How to Cook Fish (Really!): A Chat with Oceana's Ben Pollinger

School of Fish

Alaskan Coho salmon burgers and roasted monkfish steaks are mainstays of power lunches at Oceana, the upscale, marble-bedecked New York seafood shrine adjacent to iconic Rockefeller Center. Since 2006, executive chef Ben Pollinger has lured in diners with his refined cooking. He’s held on to a coveted Michelin star, successfully transitioned Oceana into new, mammoth-sized digs, and now the ambitious New Jersey native has just released the informative School of Fish (Gallery Books) with Stephanie Lyness. Through more than 100 recipes, ranging from a baked dorade filet emblazoned with potato scales and paired with Swiss chard, to roasted lobster with basil-garlic butter accompanied by olive oil crushed potatoes, Pollinger squashes the myth for kitchen newbies and skilled home cooks alike that preparing seafood always makes for mystifying, grueling work.

Ben Pollinger




What inspired you to start writing School of Fish?

I needed another challenge. Three years ago, when I first started thinking about writing it, I had been at Oceana five years. It was time to do something else that kept me an engaged and well-rounded chef.

Every chef has a cookbook these days. What did you hope to accomplish with yours?

One of the first conversations I had with my publisher and editor was about what kind of book this would be. We were going to take one of two routes: either a coffee table book with restaurant recipes—kind of like Oceana’s greatest hits — or a consumer-oriented book that would teach people how to cook fish with recipes they would actually use. Off the bat I preferred that route. I felt better being able to reach more readers and share what I have learned in a professional kitchen.

Why do you think so many people perceive cooking seafood as difficult?

I think it's because they are not exposed to it growing up. Maybe they learn a little from reading books or watching TV, but if they don’t take a class, the learning just stops. I can't tell you how many times I've been out with people eating ceviche or tartare and they say they can't imagine how to make it. It's the easiest thing. Also, some people lack an inherent understanding of flavor and ingredient combinations, so they don't know where to begin.

How did you first become smitten with seafood?

Coming up in a professional kitchen, there’s a division of labor, of course. I liked every station, but I just had a natural affinity for working with fish.

Do you have powerful childhood memories of eating fish?

Hardly. I grew up in the seventies, and everything my mom cooked she learned from recipes off the back of boxes and Campbell's soup cans. There wasn't much seafood served at home, with the exception of fish sticks, which I really hated. I refused to eat them and my father would say, "Fine, you'll just sit there, then." But at 9 p.m. I'd end up going to bed and the fish sticks were still on the plate.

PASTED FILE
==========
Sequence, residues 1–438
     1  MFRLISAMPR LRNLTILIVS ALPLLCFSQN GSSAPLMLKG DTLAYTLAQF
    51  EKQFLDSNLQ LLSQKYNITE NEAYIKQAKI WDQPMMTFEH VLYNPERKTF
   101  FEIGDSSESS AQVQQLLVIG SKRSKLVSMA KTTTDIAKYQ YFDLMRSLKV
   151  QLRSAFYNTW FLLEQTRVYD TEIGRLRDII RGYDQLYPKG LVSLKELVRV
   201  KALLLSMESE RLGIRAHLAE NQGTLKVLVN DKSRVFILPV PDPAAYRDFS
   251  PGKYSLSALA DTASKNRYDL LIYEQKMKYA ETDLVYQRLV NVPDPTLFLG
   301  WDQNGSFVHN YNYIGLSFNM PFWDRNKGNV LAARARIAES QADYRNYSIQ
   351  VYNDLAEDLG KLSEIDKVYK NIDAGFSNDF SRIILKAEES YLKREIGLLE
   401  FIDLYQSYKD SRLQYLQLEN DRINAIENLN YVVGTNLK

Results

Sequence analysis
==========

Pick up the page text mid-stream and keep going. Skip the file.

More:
Is there a recipe from the book that is particularly meaningful to you?

One of those recipes my mother got off the Campbell’s soup can was for tuna casserole. Her version was real basic: a box of elbow macaroni and cans of tuna and Cream of Mushroom soup. It was baked with potato chips on top. One time, I was asked to cook at a charity event and make a dish I loved growing up. My sous chef suggested the tuna casserole. I thought he was crazy, but I did it and made it my own with poached tuna and homemade potato chips. People tasted it and said it was the best they ever had, that it reminded them of what their mother always made when they were kids.

What is one underappreciated fish you’ve grown to love?

The sea robin. It's an ugly little fish with a head that looks part duck and part dog. It has these fins that it uses to walk on the sea floor and when you catch it, it almost makes a grunting noise. On Jersey Shore vacations, we'd throw it back in the water when we caught it. Then I went to Europe. I worked at Le Louis XV, in Monaco, and we made a soupe de poisson with a tiny fish I recognized as the sea robin. In France, where it's appreciated — I saw it for seven dollars a pound at a Paris fish market — it's called a gurnard. Years later, I was renting a house and the guys I was with kept throwing back sea robins because they weren't fluke. Every time they threw them back I would harass them and say, 'There goes dinner.' They asked if they kept them would it shut me up and I said yes. So, I proceeded to make a bouillabaisse. They said it was the best thing they ever had and that if I became the chef of my own place I should put sea robin on the menu.

Is there a lesson you learned while writing the book?

Cooking at home is so different from a professional kitchen. It requires different planning and different resources, so I really had to change my thought process. Think about cleaning up. In a restaurant you have a whole crew working on a dish. At home you don’t have runners; you have a traditional four-burner stove, so you’ve got to keep the kitchen tight and try to minimize pots and pans.

Any easy cooking tips for readers you can share?

Invariably it doesn't matter what you do, because if you are going to saute a piece of fish you're going to get splattered. One trick is getting the oven hot. Put the fish in a decent pan with vegetable oil and then place it right in the open oven, closing the door quickly. It will get browned, but at some point you’ll have to clean the oven.

Alia Akkam is a New York-based writer who covers the intersection of food, drink, travel and design. She launched her career by opening boxes of Jamie Oliver books as a Food Network intern.

Photo Credits:
Headshot: Noah Fecks
Book Jacket Cover: Simon & Schuster

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